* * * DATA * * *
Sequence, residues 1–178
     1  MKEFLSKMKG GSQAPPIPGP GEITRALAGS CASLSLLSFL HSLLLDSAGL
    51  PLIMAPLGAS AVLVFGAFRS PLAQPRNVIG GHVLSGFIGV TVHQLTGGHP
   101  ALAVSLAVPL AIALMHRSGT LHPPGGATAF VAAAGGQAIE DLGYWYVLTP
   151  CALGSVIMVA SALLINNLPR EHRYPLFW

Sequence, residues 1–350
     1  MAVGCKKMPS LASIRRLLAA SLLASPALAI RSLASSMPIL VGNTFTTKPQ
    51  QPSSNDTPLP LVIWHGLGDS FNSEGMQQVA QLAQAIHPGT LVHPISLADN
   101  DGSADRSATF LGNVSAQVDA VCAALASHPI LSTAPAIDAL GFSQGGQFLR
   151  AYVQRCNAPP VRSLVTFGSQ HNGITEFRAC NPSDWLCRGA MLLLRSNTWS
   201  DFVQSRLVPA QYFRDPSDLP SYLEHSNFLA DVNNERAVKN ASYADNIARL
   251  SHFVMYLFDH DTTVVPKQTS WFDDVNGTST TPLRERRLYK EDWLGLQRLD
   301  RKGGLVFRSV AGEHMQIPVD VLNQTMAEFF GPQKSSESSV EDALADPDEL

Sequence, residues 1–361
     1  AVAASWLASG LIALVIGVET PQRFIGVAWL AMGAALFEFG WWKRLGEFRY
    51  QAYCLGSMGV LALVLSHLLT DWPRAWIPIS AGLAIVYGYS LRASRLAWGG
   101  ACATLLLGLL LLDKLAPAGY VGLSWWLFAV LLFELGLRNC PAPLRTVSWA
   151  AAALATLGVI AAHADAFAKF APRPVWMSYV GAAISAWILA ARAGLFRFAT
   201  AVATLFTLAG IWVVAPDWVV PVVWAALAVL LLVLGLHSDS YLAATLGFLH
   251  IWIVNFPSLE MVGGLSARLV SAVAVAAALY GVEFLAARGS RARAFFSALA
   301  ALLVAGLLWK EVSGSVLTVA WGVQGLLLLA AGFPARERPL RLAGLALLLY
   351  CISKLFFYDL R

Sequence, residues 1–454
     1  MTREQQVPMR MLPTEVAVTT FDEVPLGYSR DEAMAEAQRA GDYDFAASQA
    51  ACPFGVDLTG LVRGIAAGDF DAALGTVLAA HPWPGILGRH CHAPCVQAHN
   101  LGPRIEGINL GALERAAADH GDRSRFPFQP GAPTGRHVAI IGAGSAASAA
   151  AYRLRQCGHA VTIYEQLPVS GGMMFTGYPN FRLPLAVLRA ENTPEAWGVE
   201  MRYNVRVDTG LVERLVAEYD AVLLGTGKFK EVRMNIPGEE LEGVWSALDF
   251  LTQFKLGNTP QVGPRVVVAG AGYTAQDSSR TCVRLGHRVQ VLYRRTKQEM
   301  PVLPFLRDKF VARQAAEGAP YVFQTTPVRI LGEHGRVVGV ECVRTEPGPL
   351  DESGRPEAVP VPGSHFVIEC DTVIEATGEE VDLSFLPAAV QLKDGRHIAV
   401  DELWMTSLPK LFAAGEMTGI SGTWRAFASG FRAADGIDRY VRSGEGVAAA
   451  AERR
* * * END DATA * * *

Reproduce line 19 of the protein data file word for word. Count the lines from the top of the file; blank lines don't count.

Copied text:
   201  AVATLFTLAG IWVVAPDWVV PVVWAALAVL LLVLGLHSDS YLAATLGFLH